Today, Dani gave an overview of the book to the Geographic Data Science Lab, including the motivation for writing it, its contents, and even a live demo. You can watch the talk/demo at:

Part of the entertainment of this video is watching Dani running the book, live on Teams, from his iPad, and through Jupyter Lab and Rstudio. It is (mostly) a success. If you too would like to run the book on your own machine, as Dani does in the video, here’re some tips.

The trick to getting it all to work is Docker. As we argue in Chapter 2, building transferrable platforms that can support open science is non-trivial, but critical. To that end (and leveraging Dani’s GDSenv, our book can run on the GDS Docker image, v9.0. This is the platform you use, for example, when you run our book on Binder, and you can also run it locally on your machine, without the need of internet connectivity. To learn how to run the book on your own machine, we’ve got you covered: Chapter 2 has a section exactly on that!

NOTE - The only update you will need to apply form the chapter is the version of the container you will use. We currently specify version 7.0, but the officially supported image is now 9.0.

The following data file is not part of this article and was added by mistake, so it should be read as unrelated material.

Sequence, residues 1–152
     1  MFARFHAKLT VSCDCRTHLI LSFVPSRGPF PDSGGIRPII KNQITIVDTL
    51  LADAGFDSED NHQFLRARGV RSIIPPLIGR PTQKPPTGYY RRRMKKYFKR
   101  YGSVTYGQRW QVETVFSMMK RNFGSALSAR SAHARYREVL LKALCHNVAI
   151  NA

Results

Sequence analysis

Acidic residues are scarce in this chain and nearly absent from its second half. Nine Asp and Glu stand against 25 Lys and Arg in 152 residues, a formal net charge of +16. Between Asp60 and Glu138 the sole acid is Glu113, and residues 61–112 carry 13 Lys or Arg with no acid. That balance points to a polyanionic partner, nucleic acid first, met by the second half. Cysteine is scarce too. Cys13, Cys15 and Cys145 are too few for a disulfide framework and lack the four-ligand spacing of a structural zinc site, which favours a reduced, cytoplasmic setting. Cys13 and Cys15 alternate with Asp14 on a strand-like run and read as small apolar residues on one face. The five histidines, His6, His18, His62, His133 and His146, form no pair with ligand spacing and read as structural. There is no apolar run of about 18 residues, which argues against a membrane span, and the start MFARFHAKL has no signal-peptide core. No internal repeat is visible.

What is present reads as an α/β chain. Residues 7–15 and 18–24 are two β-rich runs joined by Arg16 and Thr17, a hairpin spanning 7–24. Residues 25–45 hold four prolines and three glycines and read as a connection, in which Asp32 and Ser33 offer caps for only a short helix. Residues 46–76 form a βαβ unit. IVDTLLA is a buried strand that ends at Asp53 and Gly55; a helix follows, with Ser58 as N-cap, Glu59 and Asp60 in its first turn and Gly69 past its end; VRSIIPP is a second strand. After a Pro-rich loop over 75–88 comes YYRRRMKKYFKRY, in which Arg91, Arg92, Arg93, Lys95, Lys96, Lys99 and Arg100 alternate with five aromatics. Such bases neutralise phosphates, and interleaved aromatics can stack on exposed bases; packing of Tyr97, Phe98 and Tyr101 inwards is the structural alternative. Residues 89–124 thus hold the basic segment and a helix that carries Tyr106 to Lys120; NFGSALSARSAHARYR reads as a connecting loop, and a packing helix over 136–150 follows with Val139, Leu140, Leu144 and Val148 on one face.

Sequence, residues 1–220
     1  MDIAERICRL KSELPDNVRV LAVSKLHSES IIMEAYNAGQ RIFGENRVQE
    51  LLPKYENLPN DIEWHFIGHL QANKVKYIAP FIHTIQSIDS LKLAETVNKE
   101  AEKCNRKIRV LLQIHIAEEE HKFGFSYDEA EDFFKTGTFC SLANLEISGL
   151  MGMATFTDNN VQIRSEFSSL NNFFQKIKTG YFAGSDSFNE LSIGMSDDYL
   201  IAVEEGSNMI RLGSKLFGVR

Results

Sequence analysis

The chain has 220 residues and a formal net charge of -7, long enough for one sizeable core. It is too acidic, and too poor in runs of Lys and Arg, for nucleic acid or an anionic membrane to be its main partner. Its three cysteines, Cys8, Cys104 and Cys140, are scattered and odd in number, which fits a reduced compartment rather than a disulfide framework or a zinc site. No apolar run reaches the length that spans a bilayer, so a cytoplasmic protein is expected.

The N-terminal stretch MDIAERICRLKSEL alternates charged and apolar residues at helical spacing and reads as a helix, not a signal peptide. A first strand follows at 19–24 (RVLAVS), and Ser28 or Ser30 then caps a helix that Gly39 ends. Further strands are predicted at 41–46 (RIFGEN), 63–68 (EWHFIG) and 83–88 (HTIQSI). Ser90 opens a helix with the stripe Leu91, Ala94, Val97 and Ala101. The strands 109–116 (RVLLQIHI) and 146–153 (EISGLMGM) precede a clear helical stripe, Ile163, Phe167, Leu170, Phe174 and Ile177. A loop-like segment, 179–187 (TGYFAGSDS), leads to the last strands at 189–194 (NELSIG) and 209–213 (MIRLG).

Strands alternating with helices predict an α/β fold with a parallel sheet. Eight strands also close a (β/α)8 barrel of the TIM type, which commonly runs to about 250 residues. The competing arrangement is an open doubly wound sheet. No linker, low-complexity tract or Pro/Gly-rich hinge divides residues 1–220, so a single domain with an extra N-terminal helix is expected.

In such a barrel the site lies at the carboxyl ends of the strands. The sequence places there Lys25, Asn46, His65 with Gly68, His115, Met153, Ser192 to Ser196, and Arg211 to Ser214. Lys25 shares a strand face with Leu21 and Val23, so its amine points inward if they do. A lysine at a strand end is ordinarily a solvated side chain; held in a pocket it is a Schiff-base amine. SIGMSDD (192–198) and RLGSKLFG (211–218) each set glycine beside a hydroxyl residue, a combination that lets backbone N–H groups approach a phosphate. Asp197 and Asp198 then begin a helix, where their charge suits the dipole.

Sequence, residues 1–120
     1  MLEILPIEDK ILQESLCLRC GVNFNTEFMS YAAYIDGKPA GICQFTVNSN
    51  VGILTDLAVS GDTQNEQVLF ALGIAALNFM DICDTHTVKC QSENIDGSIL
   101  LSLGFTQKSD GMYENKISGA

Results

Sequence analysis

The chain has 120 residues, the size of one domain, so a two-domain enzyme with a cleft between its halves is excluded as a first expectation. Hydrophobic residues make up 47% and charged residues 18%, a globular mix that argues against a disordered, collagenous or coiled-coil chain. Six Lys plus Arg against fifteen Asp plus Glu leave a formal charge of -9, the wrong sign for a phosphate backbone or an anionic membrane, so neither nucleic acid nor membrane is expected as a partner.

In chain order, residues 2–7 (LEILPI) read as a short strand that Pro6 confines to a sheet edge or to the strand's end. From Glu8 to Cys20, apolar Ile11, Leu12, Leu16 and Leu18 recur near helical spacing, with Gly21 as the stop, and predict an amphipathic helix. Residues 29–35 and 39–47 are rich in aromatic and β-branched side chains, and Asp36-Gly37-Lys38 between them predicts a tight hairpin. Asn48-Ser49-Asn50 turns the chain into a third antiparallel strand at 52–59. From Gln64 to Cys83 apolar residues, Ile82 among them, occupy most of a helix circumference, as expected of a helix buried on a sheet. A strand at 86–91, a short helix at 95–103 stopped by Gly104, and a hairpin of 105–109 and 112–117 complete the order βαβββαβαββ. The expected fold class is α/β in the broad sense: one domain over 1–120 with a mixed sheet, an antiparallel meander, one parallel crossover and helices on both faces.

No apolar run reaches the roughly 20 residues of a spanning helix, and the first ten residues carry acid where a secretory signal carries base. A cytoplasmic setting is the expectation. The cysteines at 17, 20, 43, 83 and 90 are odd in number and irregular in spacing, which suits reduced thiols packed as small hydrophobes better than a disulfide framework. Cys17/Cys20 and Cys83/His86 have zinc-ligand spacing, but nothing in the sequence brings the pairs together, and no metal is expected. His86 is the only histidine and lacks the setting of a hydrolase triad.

At the end of the talk, Dani also runs the book from RStudio (!). This is also supported through Docker and a small toy project of Dani, gdsrpy. This container runs on top of the fantastic Rocker project, so you can use those instructions to get it up and running.

In short, you need to download the image:

docker pull darribas/gdsrpy:2.0

And run it from your machine:

docker run --rm -ti -e PASSWORD=<your password> -v /folder/to/mount:/home/rstudio/work -p 8787:8787 gdsrpy:2.0

Ideally, you want /folder/to/mount/ to contain a copy of the book, which you can download from here thanks to Github.

Happy hacking!